One of the many intriguing questions surrounding Rachel Dolezal, who resigned earlier Monday from the presidency of Spokane's NAACP chapter, is whether she truly believes herself to be black or has disingenuously adopted a black persona to gain credibility as a political activist. Some insight into that question may be provided by a 2002 lawsuit uncovered by the Smoking Gun, in which Dolezal alleges that Howard University discriminated against her because she was ... not black.
Dolezal's lawsuit “claimed discrimination based on race, pregnancy, family responsibilities and gender.” She alleged that Smith and other school officials improperly blocked her appointment to a teaching assistant post, rejected her application for a post-graduate instructorship, and denied her scholarship aid while she was a student ... The court opinion also noted that Dolezal claimed that the university’s decision to remove some of her artworks from a February 2001 student exhibition was “motivated by a discriminatory purpose to favor African-American students over” her.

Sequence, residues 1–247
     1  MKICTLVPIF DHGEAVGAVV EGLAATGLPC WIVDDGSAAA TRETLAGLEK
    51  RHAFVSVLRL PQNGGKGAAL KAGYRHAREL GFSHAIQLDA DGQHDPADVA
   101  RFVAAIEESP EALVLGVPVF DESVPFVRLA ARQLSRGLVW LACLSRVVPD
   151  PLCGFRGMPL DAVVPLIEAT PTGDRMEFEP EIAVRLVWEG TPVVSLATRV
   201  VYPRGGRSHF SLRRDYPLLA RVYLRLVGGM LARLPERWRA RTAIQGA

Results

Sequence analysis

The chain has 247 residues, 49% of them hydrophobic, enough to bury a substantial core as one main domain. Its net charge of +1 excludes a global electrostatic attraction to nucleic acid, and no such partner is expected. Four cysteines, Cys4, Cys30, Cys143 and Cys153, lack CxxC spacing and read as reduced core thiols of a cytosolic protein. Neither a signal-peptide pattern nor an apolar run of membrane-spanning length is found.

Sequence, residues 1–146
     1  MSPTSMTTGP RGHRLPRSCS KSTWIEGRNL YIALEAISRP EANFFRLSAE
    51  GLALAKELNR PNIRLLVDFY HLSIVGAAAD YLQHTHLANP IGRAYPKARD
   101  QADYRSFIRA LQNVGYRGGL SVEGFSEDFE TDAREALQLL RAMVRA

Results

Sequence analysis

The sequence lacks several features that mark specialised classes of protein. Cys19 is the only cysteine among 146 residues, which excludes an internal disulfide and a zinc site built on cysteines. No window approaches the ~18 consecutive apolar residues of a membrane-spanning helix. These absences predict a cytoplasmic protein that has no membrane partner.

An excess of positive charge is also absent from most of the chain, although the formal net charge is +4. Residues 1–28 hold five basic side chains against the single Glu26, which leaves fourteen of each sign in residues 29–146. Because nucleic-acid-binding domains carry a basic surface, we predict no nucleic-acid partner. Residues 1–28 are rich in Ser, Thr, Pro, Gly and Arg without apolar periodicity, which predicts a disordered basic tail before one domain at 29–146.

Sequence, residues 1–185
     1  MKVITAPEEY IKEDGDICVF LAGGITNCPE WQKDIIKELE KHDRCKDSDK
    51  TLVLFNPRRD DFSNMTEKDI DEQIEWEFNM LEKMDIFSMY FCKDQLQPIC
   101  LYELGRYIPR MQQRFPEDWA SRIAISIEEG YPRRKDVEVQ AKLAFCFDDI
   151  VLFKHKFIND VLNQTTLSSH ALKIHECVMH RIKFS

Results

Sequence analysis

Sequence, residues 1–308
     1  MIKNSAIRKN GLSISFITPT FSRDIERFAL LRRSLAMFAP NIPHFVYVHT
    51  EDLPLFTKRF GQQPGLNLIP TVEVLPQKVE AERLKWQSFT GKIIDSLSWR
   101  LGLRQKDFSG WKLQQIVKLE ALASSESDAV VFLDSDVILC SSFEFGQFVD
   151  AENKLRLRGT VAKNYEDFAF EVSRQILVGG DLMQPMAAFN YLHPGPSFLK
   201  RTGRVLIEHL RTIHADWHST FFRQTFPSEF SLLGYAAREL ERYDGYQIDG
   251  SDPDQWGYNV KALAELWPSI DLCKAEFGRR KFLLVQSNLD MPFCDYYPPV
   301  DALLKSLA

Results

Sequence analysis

Dolezal's suit was dismissed in February 2004, a decision that was upheld on appeal. The appeal ruling against her indicates that she did not prove she had suffered adverse employment consequences because of Howard's decisions nor that said decisions were motivated by racial animus. The court noted as fact that the assistantships she'd allegedly been blocked from had already been filled when she applied, that she'd never specifically applied for the instructorship she says she was unfairly denied, and that there was no evidence that Howard had created a hostile environment by rmoving her work from the exhibit in question.
Dolezal graduated from Howard in 2002 with a Master of Fine Arts degree.